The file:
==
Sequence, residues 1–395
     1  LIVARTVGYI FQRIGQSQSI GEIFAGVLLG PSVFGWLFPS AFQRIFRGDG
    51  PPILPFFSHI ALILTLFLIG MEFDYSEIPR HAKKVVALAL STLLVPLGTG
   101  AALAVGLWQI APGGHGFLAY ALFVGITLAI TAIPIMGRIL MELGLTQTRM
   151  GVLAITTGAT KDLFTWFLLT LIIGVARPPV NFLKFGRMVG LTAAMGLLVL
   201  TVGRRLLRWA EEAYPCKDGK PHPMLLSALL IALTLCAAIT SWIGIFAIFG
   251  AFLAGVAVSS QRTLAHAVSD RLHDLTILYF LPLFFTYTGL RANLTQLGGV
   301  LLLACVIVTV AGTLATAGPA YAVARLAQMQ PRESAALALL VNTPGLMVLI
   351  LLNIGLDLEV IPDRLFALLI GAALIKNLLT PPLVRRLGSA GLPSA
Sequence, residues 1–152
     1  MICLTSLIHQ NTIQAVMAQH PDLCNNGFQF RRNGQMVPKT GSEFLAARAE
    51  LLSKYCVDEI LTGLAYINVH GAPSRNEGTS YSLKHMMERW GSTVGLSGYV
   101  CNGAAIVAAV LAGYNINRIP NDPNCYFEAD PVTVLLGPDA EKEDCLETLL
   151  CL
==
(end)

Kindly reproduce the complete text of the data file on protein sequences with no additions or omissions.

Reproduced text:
Sequence, residues 1–395
     1  LIVARTVGYI FQRIGQSQSI GEIFAGVLLG PSVFGWLFPS AFQRIFRGDG
    51  PPILPFFSHI ALILTLFLIG MEFDYSEIPR HAKKVVALAL STLLVPLGTG
   101  AALAVGLWQI APGGHGFLAY ALFVGITLAI TAIPIMGRIL MELGLTQTRM
   151  GVLAITTGAT KDLFTWFLLT LIIGVARPPV NFLKFGRMVG LTAAMGLLVL
   201  TVGRRLLRWA EEAYPCKDGK PHPMLLSALL IALTLCAAIT SWIGIFAIFG
   251  AFLAGVAVSS QRTLAHAVSD RLHDLTILYF LPLFFTYTGL RANLTQLGGV
   301  LLLACVIVTV AGTLATAGPA YAVARLAQMQ PRESAALALL VNTPGLMVLI
   351  LLNIGLDLEV IPDRLFALLI GAALIKNLLT PPLVRRLGSA GLPSA
Sequence, residues 1–152
     1  MICLTSLIHQ NTIQAVMAQH PDLCNNGFQF RRNGQMVPKT GSEFLAARAE
    51  LLSKYCVDEI LTGLAYINVH GAPSRNEGTS YSLKHMMERW GSTVGLSGYV
   101  CNGAAIVAAV LAGYNINRIP NDPNCYFEAD PVTVLLGPDA EKEDCLETLL
   151  CL